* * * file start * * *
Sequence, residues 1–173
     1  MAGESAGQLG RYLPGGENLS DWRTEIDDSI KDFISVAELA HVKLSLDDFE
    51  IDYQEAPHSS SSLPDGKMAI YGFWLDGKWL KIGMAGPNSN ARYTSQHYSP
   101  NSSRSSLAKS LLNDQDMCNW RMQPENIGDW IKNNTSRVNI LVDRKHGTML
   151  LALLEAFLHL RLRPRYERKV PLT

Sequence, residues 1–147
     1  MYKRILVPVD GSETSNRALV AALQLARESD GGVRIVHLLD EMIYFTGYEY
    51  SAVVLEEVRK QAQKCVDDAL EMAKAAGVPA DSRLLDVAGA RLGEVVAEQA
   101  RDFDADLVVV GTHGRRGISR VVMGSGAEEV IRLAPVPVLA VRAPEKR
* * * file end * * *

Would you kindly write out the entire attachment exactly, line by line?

Sequence, residues 1–173
     1  MAGESAGQLG RYLPGGENLS DWRTEIDDSI KDFISVAELA HVKLSLDDFE
    51  IDYQEAPHSS SSLPDGKMAI YGFWLDGKWL KIGMAGPNSN ARYTSQHYSP
   101  NSSRSSLAKS LLNDQDMCNW RMQPENIGDW IKNNTSRVNI LVDRKHGTML
   151  LALLEAFLHL RLRPRYERKV PLT

Sequence, residues 1–147
     1  MYKRILVPVD GSETSNRALV AALQLARESD GGVRIVHLLD EMIYFTGYEY
    51  SAVVLEEVRK QAQKCVDDAL EMAKAAGVPA DSRLLDVAGA RLGEVVAEQA
   101  RDFDADLVVV GTHGRRGISR VVMGSGAEEV IRLAPVPVLA VRAPEKR